Published on 20th January 2020


We chat with Karen McCourt, one of ION’s most recent graduates, about her experience of the Nutritional Therapy Diploma Course, and find out how she managed to combine her studies with a busy career as a senior manager at the Devon Met Office.


What drew you to nutritional therapy?

“Studying nutritional therapy was a somewhat gradual decision. I was diagnosed with thyroid disease in 2005 and responded poorly to medical intervention, so I started to look at ways to further support my health. Having benefited from implementing lifestyle changes myself, I felt really drawn to formalising what I had learnt through my own research, and adding to this knowledge, in the hope of helping others.”


What was the best part of the ION Diploma course?

“I thought I knew quite a bit about nutrition before I started this course, but I really knew so little! I LOVED learning from the wide variety of lecturers who used both the latest scientific evidence (already working in science, this was very important to me), and their own clinical experience. We covered a wide range of topics, including lectures in the final year around setting up a business, which were very practical and useful, especially the creation of a business plan.”


How did you juggle life and responsibilities outside of your studies?

“Good question. It wasn’t easy! I was working full time, and travelling for work, so it was a lot to fit in. You do have to be prepared to dedicate adequate time to the course to get the most out of it, but it was worth it. Probably what helped the most was support from the year leaders and course management – on several occasions I had to get assignment extensions due to work and life commitments and, although there is a formal process to go through for this, the course leaders were very supportive and understood the pressures. Although I completed it in the set three years, there is the option to extend the course over a longer time period which I think helped some others. So there was academic rigour – but also flexibility to help you do the best you could.”


How have your eating habits changed since starting the course?

“I probably became a bit more relaxed and added in more foods! From the very first year it was emphasised by lecturers that you need to work with clients’ lifestyles for sustainable results. I probably moved somewhat from being more ‘strict’ to having more ‘balance’, and added in a wider range of plants once I understood just how beneficial they are.”


What is the most surprising thing you learnt on the course?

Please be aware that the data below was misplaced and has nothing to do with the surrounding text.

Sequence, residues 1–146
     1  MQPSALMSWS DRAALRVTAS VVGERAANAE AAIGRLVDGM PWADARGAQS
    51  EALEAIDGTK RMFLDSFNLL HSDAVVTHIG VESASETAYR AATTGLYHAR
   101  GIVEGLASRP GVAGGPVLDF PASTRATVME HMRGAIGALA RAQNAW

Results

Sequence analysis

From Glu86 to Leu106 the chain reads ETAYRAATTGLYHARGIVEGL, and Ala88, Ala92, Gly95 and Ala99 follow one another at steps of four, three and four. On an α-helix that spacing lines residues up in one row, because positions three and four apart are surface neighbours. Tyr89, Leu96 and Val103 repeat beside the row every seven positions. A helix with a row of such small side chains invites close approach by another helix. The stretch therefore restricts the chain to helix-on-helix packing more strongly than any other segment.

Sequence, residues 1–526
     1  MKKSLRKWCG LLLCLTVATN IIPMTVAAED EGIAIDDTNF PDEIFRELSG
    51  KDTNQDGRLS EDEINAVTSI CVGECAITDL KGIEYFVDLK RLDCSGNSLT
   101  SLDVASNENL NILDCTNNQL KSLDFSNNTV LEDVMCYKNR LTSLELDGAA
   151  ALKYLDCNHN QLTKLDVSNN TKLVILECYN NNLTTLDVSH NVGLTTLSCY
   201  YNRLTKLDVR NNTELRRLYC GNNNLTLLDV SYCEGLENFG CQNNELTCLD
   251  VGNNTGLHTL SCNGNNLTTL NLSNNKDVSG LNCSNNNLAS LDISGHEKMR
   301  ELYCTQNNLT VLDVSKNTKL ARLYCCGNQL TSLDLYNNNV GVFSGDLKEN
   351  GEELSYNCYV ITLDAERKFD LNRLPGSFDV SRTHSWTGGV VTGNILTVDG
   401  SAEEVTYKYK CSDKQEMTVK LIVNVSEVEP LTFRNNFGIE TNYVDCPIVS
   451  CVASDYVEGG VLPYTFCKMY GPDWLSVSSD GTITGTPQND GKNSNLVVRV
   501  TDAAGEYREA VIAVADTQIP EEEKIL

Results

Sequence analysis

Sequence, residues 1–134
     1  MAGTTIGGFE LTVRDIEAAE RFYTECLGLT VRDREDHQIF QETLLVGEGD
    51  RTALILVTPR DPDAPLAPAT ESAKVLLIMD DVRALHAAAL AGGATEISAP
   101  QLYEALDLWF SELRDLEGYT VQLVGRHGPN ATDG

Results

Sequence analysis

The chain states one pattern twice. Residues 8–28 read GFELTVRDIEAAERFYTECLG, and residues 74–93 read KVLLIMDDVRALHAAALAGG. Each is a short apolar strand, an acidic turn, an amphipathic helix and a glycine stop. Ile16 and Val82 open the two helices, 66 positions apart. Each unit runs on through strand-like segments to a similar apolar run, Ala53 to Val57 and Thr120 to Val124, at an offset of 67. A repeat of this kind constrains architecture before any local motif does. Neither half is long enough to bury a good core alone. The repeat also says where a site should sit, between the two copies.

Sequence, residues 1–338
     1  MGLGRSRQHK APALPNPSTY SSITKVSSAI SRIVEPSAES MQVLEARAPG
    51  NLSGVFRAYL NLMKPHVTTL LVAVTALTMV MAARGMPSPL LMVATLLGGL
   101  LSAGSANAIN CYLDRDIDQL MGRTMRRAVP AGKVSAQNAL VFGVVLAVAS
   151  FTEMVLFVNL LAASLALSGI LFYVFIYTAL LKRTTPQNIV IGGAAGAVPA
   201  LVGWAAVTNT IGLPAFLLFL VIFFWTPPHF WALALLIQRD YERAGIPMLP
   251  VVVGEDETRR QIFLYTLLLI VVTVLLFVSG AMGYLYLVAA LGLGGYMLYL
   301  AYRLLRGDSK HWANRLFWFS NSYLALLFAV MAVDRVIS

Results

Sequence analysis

“Vegetables are superheroes in the body. We don’t need to study nutritional therapy to know that we should eat our veg, but I had truly never appreciated just how much vegetables play a part in health – from impacting positively on digestion and our gut microbiome, to supporting liver function. We can all benefit hugely from a range of vegetables of different colours (which supply various different nutrients/benefits in the body) in our diet. That was an eye-opener to me. 

“Although the course was focused on nutrition, we also covered many other areas of health including managing stress and getting adequate sleep. Although I knew both were important, I don’t think I had fully appreciated how much, and the impact on health, so that was an eye-opener too.”


What are your plans now that you are qualified to practise?

“I’m still working full-time, and will continue to do so, so I will be working one day a week as a nutritional therapist at the gym at my work, as well as doing talks. Although it is great to have the opportunity to gain some supplementary income, I’m mainly excited about being able to help clients with making beneficial nutrition and lifestyle changes. I have already had the privilege of seeing initial clients who I have worked with go on to experience some beneficial health changes, and that has very much enthused me for future work.”


What advice would you give to people thinking about embarking on the Nutritional Therapy course?

“This course was academically challenging and time consuming, but truly was one of the best things I have ever done, and I think I am right in saying this is a view shared by many I graduated with. You need to be prepared to put in the time for study to get the most from the course, but in the end it is worth it.”

Click here to find out more about our Nutritional Therapy Diploma Course